Silence and pain.
As the dust from the horrendous wreck billowed and swirled about the prone form of Reverend Sebastian Dallas, these were the only sensations that applied to his state of mind. All was darkness in the Reverend’s mind, but the pain of his injured body shot thru his psyche like a bullet thru the brain.
Slowly, the Reverend began to stir, and the world about him regained its shape. He pushed himself to his knees as the fog of injury and confusion began to lift. His eyes cleared of the darkness in him, and he saw the scene of carnage that had developed.
He found himself kneeling amongst a few stunted prairie grasses a few scant yards from the mangled wreck of the No. 6 Black Phantom. The Reverend’s tired and trail-worn eyes had seen much, but the twisted husk of the locomotive put many of the grisly sights which he had borne witness to shame. All about the main body of the crash lay pieces of the engine; they were tangled about one another and shoved into the hard packed Kansas soil from the force of the impact. A thick, roiling cloud of smoke and fire wafted from the wreck itself, and for a moment, the Reverend could hear the tell-tale wailing of ghost rock set alight, and shapes of leering demonic faces seemed to appear and disappear in the cloud itself. The wreck itself was almost unrecognizable as a steam engine of high quality, but instead more resembled a pile of discarded and forgotten hunks of steel and fittings. The engine had been thrown farthest from the crash, it seemed, and had perhaps lifted itself into the air to land rather unceremoniously on the ground. The cars it carried appeared to have fared little better. The Reverend noted that the passenger car he had previously occupied when he last was cognizant had been thrown onto its side, and any luxurious accoutrements it had previously possessed had been stripped away. The paint that had once gilded the car was now mired in smoke and ash and scraped away by the rough landing.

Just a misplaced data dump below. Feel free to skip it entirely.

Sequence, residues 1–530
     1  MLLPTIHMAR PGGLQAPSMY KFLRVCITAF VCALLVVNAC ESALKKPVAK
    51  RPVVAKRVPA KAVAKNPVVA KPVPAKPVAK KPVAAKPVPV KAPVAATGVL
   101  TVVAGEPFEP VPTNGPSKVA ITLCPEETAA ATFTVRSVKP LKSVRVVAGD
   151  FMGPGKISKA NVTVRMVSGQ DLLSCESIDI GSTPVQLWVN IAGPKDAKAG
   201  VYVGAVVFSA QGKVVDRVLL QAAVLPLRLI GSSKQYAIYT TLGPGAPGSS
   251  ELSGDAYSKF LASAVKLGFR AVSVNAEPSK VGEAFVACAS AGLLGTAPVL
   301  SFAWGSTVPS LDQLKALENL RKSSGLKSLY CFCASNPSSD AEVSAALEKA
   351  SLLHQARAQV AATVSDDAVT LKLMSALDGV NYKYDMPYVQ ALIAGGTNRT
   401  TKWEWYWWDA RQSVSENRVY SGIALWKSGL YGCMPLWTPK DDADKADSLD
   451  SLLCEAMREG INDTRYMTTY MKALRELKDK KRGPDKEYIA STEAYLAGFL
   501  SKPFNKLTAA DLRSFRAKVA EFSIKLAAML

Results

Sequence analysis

And then it struck the poor Reverend…he was alone.
Struggling to get to his feet, Dallas began hobbling toward the passenger car, all the while not knowing if his comrades were alive. A panic welled up in him, closely mirrored by the pain that had been inflicted upon him. Although he traveled with individuals who perhaps did not share his mission, he knew that, at their cores, they were fellow humans. Besides, his own past was not so honorable…
The Reverend quickly found an entrance into the passenger car and began working thru the wreckage of the lounge. The pool table had been upended and split in two from the force of the impact, while spilled food and drink splashed the once austure wallpaper. Dallas could only hope to himself that non of the stains on the walls were blood.
A groan welled up from the water closet, catching the Reverend’s attention. He stumbled back thru the debris, making his way to the water closet, and fighting gravity and broken apparatuses, Dallas wrenched the door open to find the young Cheyenne, Walks With Moonlight. She coughed and spat up dust (and not a little blood), but appeared otherwise unharmed. Dallas outstretched his hand and asked, “You going to live, Walks?” The young shaman nodded back at the Man of God, and took his hand. The Reverend hauled her to her feet, and set about looking for others.
A loud groan and a shuffling of detritus from the hitching area revealed that Ruckus was yet alive, and the scowling brigand hauled himself to his feet with a grunt of disapproval. “Gol’damn trains! Can’t rely on nuthin’!”, he exclaimed.
The Reverend and Walks stumbled thru the wreckage to the mercenary and Dallas asked, “You seen Leo or Hedgewig?”
Ruckus looked offended. “Yea….I’m fine. Thanks.”
Walks sighed and rolled her eyes. She was not in the mood for more back-and-forth displays of tough-guy animosity. Now was certainly not the time. Leaving the pair, she made her way to the back of the car, the last place she remembered seeing the Southern gambler and the undead scientist.